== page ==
With my PhD due date looming on the horizon, a little under 4 months away, I’ve decided to try to keep myself honest (and come up with a new way of procrastinating) by blogging about how I’m doing.
Buoyed by the lovely review of my Oxen of the Sun in this month’s Choir and Organ*, today I set about tackling the only movement of my large PhD piece (Amra Choluim Chille, henceforth known as ACC) that I had yet to start. It’s the 6th of 7 movements, and I had decided several months ago for this movement to be for upper voices, strings and harp only – no tenors or basses. This is because the text relates to the grief of the Uí Néill clan upon hearing of the death of St Columba. I have some vague idea in my head that traditionally, in Ireland, only the women were involved in keening over the dead body – often in chorus, lead by a professional bean chaointe.
While at the end of today I have only set the first 2 of 13 lines in this movement, I have planned more or less the whole structure, based on an octatonic ascending texture that I developed for my commission for New Dublin Voices entitled Comrades. In that piece it is quick, regular and energised, to convey the words “free through the world your spirit goes.” Here, however, it is going to be much slower to develop, and I will probably use aleatoric techniques, so that there is something more chaotic and mournful about how the texture builds, to give meaning to the words Is deimhin: ní och aon-tí, ní och aon-téite,/ Is trom an tuath anois i ngreim an scéil.**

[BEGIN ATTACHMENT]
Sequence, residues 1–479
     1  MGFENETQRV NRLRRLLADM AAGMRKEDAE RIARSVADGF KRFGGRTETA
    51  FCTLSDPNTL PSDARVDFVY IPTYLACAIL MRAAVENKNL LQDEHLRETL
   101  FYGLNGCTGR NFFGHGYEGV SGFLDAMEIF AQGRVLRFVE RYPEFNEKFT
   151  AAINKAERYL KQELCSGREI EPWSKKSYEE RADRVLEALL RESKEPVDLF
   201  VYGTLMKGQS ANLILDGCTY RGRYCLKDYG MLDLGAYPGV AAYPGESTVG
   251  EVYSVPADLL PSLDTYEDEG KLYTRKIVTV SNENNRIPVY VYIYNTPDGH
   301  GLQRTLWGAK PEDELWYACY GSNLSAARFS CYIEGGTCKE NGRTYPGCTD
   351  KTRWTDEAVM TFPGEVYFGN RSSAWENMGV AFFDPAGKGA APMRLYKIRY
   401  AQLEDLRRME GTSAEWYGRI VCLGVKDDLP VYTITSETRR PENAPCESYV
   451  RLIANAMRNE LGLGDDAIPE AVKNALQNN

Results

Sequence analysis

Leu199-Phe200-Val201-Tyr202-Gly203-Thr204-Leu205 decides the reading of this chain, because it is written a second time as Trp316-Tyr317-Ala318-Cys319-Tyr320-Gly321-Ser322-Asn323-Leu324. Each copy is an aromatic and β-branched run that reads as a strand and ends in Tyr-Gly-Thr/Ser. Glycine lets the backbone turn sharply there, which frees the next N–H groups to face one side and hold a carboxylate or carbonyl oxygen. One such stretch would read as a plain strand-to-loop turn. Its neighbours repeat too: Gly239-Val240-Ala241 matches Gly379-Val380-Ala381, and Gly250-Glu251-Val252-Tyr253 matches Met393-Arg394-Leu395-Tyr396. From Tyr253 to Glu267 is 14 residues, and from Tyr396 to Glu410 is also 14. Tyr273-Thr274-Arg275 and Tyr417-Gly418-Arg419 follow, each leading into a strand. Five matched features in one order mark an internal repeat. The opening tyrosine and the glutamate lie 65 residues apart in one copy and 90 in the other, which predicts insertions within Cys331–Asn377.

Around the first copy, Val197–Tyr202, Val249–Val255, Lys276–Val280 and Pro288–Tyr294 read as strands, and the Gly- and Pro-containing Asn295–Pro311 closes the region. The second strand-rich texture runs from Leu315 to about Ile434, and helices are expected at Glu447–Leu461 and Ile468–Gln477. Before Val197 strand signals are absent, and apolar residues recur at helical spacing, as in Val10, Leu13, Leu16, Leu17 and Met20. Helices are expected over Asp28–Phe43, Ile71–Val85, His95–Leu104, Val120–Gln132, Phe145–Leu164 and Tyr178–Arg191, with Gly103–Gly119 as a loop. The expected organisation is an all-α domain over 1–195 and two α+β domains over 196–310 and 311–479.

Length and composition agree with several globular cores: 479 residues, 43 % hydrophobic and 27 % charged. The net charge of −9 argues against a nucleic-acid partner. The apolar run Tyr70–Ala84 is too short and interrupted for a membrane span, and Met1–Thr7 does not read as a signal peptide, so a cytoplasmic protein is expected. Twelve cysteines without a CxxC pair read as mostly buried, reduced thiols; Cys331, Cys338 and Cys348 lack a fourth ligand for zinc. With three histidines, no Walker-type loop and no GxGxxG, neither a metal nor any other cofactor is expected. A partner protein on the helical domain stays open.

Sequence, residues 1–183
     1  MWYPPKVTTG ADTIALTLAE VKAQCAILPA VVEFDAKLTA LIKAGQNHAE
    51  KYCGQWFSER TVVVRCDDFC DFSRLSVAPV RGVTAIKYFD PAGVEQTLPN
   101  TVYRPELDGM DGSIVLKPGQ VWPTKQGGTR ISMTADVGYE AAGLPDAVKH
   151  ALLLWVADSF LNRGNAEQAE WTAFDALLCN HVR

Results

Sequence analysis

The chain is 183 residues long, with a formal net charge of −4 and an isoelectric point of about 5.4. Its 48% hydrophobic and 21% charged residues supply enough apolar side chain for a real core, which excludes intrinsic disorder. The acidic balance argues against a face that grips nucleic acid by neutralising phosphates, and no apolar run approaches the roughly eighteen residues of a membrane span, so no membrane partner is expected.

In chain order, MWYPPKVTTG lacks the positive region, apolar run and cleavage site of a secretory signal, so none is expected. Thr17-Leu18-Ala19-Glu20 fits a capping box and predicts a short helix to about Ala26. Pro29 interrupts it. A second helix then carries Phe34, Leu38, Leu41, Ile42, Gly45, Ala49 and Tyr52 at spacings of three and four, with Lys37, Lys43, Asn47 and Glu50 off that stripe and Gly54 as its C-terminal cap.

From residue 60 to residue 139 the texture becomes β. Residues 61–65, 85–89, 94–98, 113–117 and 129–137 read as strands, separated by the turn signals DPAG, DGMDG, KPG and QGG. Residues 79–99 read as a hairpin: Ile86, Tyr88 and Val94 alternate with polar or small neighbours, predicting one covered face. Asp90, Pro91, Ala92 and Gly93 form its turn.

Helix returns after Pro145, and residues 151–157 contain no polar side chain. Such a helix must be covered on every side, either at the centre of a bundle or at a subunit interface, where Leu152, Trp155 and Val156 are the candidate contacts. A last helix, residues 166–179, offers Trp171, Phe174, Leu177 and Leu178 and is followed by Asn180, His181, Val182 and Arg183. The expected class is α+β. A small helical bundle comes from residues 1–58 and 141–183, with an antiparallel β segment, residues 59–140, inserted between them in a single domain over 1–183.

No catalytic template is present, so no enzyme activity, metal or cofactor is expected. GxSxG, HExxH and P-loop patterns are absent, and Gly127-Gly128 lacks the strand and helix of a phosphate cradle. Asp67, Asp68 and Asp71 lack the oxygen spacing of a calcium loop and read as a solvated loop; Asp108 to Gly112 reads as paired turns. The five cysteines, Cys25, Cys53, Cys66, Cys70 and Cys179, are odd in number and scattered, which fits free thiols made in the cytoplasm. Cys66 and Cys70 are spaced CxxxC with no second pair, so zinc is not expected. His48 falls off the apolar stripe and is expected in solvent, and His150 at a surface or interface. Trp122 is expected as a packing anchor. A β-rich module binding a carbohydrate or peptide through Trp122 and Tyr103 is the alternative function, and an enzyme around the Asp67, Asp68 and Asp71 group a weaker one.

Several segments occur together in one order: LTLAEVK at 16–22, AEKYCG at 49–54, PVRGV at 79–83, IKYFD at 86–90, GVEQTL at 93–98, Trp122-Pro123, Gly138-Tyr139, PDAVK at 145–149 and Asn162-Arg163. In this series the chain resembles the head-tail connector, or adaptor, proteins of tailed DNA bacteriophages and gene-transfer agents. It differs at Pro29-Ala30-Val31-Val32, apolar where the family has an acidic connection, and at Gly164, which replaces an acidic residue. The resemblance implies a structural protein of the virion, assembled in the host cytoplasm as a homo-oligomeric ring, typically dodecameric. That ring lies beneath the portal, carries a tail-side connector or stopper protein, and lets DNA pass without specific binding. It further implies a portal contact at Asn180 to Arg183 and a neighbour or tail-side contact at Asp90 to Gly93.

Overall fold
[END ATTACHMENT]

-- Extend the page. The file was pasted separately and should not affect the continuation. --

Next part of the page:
I am bringing back a motif from the very beginning of the piece, which I think of as the “Cross” motif, because the way I’ve laid out the strings, it forms the image of a cross. Here, that motif is used on the words Mac na Croiche a ainm;***. For some reason, whenever I think about the beginning of the piece, the words “Hold thou the cross before my closing eyes” come into my mind – I have this image of the dying St Columba looking at the sky and seeing a shining cross formed out of light and clouds and rain and so on.
Don’t ask me why.
*“quite beautiful... is Eoghan Desmond’s extraordinary Oxen of the Sun, with its Joycean brio and deceptive subtlety.”
** Truly: not the grieving of one household, nor the sighing of one harp string, sad are all the people at the wounding word.
***Son of the Cross his name.